Housing Under the Sea

One of the eight reef structures being lowered into the waters off Sisters’ Island Marine Park PHOTO: NATIONAL PARKS BOARD

Over the last five decades, Singapore has successfully built quality high-rise public housing that now houses over 80 percent of its resident population. But increasingly, it is not just people but also animals in the city-state that can proudly claim to live in a home designed for them.

From intelligent nests for hornbills to hotels for bees, the government has been creating structures to help different species thrive in an effort to strengthen Singapore’s biodiversity. One of its newest initiatives is the nation’s largest purpose-built reef within the waters of Sisters’ Islands Marine Park, located just south of the mainland. Five 11-metre and three 6-metre tall structures have been installed on what was previously relatively flat and bare seabed. Akin to three-storey terrace houses, they hope to eventually be home to some 1,000 square metres of reef substrate and other marine life. If successful, this pilot will pave the way for future restoration efforts in Singapore. Over the years, the city-state has lost some 60 percent of its reefs because of extensive development and reclamation over the years.

The government agency JTC first conceptualised this project in 2010 to support efforts in enhancing the city-state’s marine biodiversity, particularly in the face of climate change and increasing coastal developments. While it is better known for the planning and development of Singapore’s industrial infrastructure such as the petrochemical complex, Jurong Island, this was an opportunity for JTC to lend its engineering and design expertise to scale up previous efforts to restore the city-state’s coral reefs.

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Welcome To A Brand’s New World

Our everyday lives are increasingly intertwined with the digital. But are brands succeeding at welcoming customers to their virtual spaces? Some are forging enticing new pathways, writes regular columnist Justin Zhuang

Flame wars, social media envy and fake news are just some examples of how the online world can incite emotions – often by design. Interactions that encourage snap judgements and the ease of them going viral has resulted in highly emotive spaces that are often polarising too. The digital revolution has not only disrupted how we interact as individuals but also with brands. On the one hand, brands can have deeper and more meaningful conversations with their customers. But they also have to be on their toes. A single angry customer rant or a misstep by a brand can be amplified quickly and often disproportionately, if not dealt with correctly.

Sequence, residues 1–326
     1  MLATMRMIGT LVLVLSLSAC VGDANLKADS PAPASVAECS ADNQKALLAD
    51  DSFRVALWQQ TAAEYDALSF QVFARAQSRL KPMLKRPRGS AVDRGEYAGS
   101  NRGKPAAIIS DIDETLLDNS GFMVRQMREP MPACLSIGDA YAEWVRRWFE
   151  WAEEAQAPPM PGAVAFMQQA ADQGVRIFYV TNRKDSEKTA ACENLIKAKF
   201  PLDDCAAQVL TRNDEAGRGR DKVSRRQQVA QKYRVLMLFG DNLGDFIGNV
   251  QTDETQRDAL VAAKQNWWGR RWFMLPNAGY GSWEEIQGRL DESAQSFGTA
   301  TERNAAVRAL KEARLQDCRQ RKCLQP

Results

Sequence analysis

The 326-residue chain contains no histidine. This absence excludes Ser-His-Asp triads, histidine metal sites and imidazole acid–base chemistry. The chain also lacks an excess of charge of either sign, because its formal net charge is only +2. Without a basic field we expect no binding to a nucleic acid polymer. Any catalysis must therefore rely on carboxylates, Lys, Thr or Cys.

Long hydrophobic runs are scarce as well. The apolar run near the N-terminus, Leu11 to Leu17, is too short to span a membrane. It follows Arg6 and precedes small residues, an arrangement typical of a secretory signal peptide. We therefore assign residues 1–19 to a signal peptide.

➜ Read the full column in CUBES #99 — Emotive Spaces

In Singapore, Residents Create a Social Distancing Wayfinding Language With Tape

Dots. Lines. Crosses. Boxes. They have popped up all across Singapore over the past few weeks. Plastered over furniture, floors, and more, the city-state renowned for its cleanliness and order has become a maze of symbols, in order to defend its inhabitants from the COVID-19 pandemic.

This “mess” is indeed a series of messages. They tell citizens to stay apart from one another as the city battles to control the spread of the virus. Such makeshift signs started appearing right after the government introduced safe distancing measures on March 20, in order to limit the number of people gathering in a space and keep them at least 1-metre apart.

With just two-days notice before the measures turned into law, and no specific guide on how to implement them, local businesses and organizations quickly found their own solutions. While some printed custom signage to explain the measures, the most popular method has been to use adhesive tape to construct symbols, from crossing out seats to drawing queue lines and cordoning off areas.

Read the full story in AIGA’s Eye on Design